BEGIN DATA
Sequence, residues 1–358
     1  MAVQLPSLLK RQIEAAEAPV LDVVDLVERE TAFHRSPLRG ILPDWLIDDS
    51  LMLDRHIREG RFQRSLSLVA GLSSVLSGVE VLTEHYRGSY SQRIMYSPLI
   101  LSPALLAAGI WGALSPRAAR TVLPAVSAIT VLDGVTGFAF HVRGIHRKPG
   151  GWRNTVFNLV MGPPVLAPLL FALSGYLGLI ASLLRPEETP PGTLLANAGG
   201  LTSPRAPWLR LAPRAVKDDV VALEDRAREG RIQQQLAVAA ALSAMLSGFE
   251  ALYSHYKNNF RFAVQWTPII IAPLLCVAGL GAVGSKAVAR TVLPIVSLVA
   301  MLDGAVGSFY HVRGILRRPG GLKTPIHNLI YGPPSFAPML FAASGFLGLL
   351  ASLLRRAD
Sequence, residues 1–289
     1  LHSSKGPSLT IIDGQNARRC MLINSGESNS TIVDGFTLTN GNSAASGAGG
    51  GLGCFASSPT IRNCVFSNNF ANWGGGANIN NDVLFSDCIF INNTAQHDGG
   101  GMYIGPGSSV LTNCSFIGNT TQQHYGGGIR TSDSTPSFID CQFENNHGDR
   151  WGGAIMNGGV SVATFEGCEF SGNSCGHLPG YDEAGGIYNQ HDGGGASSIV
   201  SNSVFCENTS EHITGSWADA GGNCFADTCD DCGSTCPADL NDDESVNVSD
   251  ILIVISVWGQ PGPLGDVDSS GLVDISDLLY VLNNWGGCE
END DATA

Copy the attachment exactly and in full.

Sequence, residues 1–358
     1  MAVQLPSLLK RQIEAAEAPV LDVVDLVERE TAFHRSPLRG ILPDWLIDDS
    51  LMLDRHIREG RFQRSLSLVA GLSSVLSGVE VLTEHYRGSY SQRIMYSPLI
   101  LSPALLAAGI WGALSPRAAR TVLPAVSAIT VLDGVTGFAF HVRGIHRKPG
   151  GWRNTVFNLV MGPPVLAPLL FALSGYLGLI ASLLRPEETP PGTLLANAGG
   201  LTSPRAPWLR LAPRAVKDDV VALEDRAREG RIQQQLAVAA ALSAMLSGFE
   251  ALYSHYKNNF RFAVQWTPII IAPLLCVAGL GAVGSKAVAR TVLPIVSLVA
   301  MLDGAVGSFY HVRGILRRPG GLKTPIHNLI YGPPSFAPML FAASGFLGLL
   351  ASLLRRAD
Sequence, residues 1–289
     1  LHSSKGPSLT IIDGQNARRC MLINSGESNS TIVDGFTLTN GNSAASGAGG
    51  GLGCFASSPT IRNCVFSNNF ANWGGGANIN NDVLFSDCIF INNTAQHDGG
   101  GMYIGPGSSV LTNCSFIGNT TQQHYGGGIR TSDSTPSFID CQFENNHGDR
   151  WGGAIMNGGV SVATFEGCEF SGNSCGHLPG YDEAGGIYNQ HDGGGASSIV
   201  SNSVFCENTS EHITGSWADA GGNCFADTCD DCGSTCPADL NDDESVNVSD
   251  ILIVISVWGQ PGPLGDVDSS GLVDISDLLY VLNNWGGCE